Genmab A/S just announced a phase I clinical trial to use their immunotherapy daratumaab as a shot instead of an infusion. Daratumumab targets the CD38 protein commonly found on myeloma cells and has shown to be effective for a percentage of heavily pre-treated myeloma patients.
Daratumumab was originally developed by Genmab, but is now in joint development with Johnson & Johnson's subsidiary Janssen Biotech, which acquired worldwide commercialization rights to the drug from Genmab. Janssen's daratumumab received Breakthrough Therapy Designation FDA status in May of 2013 as an exciting new approach in the world of immunotherapy - letting a patient's own immune system attack myeloma cells.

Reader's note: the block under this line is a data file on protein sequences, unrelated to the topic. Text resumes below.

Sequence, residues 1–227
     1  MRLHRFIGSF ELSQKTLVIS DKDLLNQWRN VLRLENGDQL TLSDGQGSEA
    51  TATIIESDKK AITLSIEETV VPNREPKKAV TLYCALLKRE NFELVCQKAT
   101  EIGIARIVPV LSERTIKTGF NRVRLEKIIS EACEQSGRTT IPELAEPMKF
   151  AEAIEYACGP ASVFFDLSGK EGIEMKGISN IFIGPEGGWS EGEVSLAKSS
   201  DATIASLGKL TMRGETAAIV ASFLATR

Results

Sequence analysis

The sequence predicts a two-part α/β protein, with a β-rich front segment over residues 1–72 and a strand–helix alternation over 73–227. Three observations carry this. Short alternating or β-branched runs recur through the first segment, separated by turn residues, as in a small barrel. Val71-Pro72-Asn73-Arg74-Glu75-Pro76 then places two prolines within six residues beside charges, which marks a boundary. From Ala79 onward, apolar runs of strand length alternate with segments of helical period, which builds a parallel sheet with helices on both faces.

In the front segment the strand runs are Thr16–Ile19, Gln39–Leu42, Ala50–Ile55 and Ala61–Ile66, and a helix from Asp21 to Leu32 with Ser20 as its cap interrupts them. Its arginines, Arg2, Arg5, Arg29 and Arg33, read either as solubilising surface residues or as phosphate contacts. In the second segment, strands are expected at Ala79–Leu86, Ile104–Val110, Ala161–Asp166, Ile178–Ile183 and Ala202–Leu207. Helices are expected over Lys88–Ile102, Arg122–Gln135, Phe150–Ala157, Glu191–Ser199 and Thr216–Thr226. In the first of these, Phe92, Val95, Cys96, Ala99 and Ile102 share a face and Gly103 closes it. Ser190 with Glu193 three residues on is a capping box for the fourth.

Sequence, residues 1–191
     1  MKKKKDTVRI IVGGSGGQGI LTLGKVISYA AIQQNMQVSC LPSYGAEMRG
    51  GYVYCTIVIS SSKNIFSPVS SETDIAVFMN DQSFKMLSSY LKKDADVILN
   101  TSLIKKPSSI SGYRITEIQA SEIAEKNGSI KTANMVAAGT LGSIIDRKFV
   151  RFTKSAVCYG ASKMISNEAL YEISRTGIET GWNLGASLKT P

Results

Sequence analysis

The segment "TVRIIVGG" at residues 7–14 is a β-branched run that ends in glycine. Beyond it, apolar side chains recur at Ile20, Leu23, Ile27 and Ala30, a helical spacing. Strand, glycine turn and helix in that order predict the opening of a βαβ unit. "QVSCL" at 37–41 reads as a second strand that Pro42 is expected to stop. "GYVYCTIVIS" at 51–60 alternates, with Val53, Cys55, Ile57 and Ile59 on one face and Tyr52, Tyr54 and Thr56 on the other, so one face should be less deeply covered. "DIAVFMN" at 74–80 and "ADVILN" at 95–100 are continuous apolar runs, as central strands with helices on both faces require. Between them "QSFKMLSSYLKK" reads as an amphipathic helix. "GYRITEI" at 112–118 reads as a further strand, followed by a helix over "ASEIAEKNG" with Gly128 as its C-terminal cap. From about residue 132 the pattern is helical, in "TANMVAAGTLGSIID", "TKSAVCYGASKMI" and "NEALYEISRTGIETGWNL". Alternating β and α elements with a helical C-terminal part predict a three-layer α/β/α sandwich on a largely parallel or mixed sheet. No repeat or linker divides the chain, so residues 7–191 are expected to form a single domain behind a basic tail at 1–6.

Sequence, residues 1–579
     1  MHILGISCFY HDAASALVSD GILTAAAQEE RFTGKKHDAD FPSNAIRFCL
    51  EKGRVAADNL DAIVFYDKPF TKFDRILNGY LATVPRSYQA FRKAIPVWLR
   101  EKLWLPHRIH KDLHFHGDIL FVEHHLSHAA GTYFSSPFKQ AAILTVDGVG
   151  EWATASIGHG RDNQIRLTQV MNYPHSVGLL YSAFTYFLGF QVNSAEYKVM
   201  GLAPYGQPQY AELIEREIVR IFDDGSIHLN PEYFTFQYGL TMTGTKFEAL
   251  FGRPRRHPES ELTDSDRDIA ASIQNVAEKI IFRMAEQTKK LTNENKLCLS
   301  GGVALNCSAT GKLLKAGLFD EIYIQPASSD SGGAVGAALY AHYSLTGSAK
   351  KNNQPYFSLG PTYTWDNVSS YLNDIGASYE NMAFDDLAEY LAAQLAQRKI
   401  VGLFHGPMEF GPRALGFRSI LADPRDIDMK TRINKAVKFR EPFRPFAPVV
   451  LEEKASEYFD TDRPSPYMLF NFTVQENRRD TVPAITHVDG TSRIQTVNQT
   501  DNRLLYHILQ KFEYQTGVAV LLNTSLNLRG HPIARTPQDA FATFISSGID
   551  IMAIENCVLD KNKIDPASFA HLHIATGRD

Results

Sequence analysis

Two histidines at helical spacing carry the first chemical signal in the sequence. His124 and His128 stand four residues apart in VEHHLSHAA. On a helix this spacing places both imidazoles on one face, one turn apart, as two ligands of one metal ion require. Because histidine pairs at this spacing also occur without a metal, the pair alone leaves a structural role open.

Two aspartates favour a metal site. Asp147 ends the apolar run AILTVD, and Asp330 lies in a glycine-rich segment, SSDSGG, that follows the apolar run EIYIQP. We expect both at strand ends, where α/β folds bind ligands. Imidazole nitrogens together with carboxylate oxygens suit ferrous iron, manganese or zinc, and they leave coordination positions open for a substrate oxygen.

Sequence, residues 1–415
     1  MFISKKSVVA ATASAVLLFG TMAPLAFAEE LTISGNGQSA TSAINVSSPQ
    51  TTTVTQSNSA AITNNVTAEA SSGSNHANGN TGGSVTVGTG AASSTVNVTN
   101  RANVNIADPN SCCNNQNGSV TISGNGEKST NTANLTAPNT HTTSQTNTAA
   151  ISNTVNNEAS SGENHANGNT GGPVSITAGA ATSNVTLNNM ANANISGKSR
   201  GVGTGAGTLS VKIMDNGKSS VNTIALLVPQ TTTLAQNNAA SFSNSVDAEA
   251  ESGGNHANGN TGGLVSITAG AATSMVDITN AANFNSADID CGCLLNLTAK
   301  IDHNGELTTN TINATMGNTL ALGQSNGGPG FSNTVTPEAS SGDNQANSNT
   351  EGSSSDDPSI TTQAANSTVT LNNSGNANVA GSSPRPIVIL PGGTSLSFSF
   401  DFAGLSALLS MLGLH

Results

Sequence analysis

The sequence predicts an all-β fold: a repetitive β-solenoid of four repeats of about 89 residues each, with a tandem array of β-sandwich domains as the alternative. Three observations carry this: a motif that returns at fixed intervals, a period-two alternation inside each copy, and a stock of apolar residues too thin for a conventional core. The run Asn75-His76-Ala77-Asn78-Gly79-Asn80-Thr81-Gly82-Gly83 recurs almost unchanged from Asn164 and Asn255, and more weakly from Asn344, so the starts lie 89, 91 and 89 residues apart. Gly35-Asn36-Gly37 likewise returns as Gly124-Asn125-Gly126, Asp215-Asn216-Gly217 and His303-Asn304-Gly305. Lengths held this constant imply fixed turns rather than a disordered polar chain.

In infusion form, daratumumab has made its way through the early safety and dosing trials and has also completed early phase I, II and III trials when combined with other myeloma staples like lenalidomide, bortezomib and dexamethasone.
In the recent announcement on Immuno-Oncology news, a third company joins with Genmab and Janssen to offer the new delivery mechanism called ENHANZE, developed by Halozyme Therapeutics, Inc.. The new use is expected to:
... support the compound’s administration, as well as improve the time needed by a healthcare practitioner to administer it, decrease the time needed for the drug to be absorbed, and reduce the number of injections.
The use of daratumumab in this form will make treatment easier and more convenient for myeloma patients.
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Myeloma survivor, patient advocate, wife, mom of 6. Believer that patients can help accelerate a cure by weighing in and participating in clinical research. Founder of HealthTree Foundation (formerly Myeloma Crowd).